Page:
Elizabeth Ohene: BBC did a poor job on Ghana’s “free speech claims”

According to the BBC report that prompted Ms Ohene’s observations, “a number of Ghanaian journalists and influencers have been arrested in recent years” to answer for comments they made

The respected Ghanaian stateswoman and international journalist Elizabeth Ohene, 77, says the British Broadcasting Corporation (BBC), where she once worked as an editor, did a very poor job in a recent report that painted Ghana as a country where free speech is under attack.

According to the disputed BBC documentary report, there was a crackdown on free speech in Ghana because, in recent times, the law had taken issue with public statements made on radio and social media by a number of people, notably a radio presenter and a social medial influencer. The BBC described the problem as relating to “several recent high-profile cases”.

The BBC said that “critics say freedom of speech is under serious threat” in Ghana as a result of the incidents.

The BBC’s report stated that, “since the start of 2022 a handful of prominent journalists and social media influencers have been detained”, a situation which the report suggested was not the case until recently.

The BBC also claimed that it has spoken “to those who say they are paying a price for the words they posted or broadcast, including radio presenter Bobie Ansah, who faces a charge of publication of false news and offensive conduct”.

The BBC report, by Jonathan Griffin, was produced by Favour Nunoo.

Excuse for a coup

Liz Ohene’s letter to Mike Wendling, the editor of the BBC Trending programme in which the report featured, described Griffin’s work in producing the report as “a shallow job”, and questioned whether standards had fallen at the BBC.

She reminded the BBC how it had been so shocked by an article that she herself (Ms Ohene) wrote in London in the 1980s, arguing that the persistent miners’ strike in UK was the kind of event that elsewhere would be cited as an excuse for a coup, that she was interviewed by the BBC about it.

“But when the BBC starts a programme that purports to be about Ghana’s free speech being under attack, with a man [Bobie Ansah] whose claim to fame seems to be how scurrilous he can be about his opponents, who makes no attempt to be factual and who uses the most obscene language to describe Ghana’s First Lady at every opportunity, I have to wonder about the BBC.”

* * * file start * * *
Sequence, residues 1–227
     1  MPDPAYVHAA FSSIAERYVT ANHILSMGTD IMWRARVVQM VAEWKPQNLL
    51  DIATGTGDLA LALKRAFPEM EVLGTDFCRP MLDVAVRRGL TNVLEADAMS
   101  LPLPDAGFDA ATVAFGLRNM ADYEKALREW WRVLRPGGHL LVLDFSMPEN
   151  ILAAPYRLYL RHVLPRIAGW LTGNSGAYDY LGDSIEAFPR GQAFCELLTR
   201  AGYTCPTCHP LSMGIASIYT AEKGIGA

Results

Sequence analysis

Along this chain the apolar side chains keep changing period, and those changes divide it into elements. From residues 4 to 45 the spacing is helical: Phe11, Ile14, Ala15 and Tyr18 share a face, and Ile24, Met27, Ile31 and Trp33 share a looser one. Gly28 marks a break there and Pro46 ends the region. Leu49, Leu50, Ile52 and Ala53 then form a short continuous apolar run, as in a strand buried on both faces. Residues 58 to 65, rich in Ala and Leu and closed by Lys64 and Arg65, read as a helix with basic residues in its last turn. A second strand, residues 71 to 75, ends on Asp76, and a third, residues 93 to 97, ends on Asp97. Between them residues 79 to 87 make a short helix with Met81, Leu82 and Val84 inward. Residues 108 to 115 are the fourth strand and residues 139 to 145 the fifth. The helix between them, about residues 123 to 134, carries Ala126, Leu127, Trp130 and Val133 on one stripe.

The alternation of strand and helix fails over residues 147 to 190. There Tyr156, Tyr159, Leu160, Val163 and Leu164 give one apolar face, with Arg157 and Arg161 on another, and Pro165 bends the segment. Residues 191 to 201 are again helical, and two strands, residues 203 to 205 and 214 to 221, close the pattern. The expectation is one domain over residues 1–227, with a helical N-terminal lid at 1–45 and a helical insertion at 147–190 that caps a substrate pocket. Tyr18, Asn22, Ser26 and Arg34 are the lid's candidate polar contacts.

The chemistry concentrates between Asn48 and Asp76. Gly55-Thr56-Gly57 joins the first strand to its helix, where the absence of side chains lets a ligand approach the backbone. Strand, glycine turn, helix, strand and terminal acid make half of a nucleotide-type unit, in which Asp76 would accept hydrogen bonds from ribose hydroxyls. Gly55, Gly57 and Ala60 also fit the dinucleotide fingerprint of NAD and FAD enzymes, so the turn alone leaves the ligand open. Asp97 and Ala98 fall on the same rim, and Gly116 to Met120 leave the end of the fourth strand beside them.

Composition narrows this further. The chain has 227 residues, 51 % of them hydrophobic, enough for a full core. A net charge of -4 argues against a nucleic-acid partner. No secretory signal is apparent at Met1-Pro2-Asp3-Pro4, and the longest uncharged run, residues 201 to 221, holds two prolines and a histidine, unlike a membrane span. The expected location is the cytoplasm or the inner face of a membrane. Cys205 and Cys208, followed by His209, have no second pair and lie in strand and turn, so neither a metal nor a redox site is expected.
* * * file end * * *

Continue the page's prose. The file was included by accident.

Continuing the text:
And she asks in her letter: “Have the editors of the programme determined that this is a journalist, doing a professional job, who is being muzzled and attacked?”

“Third World” judgements

The other example cited at length in the report by Jonathan Griffin was that of Oliver Barker-Vormawor, the lawyer who allegedly used his Facebook page to praise coups in West Africa and chided the Ghana Armed Forces for not overthrowing the 1992 constitution.

Ms Ohene writes, “Then, there is the second person who is cited. I perfectly understand that, for the BBC, someone who is a PhD student in Cambridge is in a rarefied stratosphere and cannot and should not be challenged by the authorities of a Third World country.”

She adds, “Did the editors of the programme take into consideration in making a judgement about Mr Barker-Vormawor that he had worked in the office of the two preceding presidents who are in opposition to the current government?”

She reminded the BBC that in the Third Republic, when security officials followed up on intelligence that Flight Lieutenant Jerry John Rawlings and Captain Kojo Tsikata were planning a coup, the Corporation reported that Rawlings’s and Tsikata’s rights were being abused. Shortly after that, she recalled, the 31 December 1981 coup took place, followed by 11 years of uninterrupted military rule.

Click below to read her letter to the BBC.

Elizabeth Ohene’s letter to the BBC on its recent report focusing on free speech in Ghana

Wilberforce Asare

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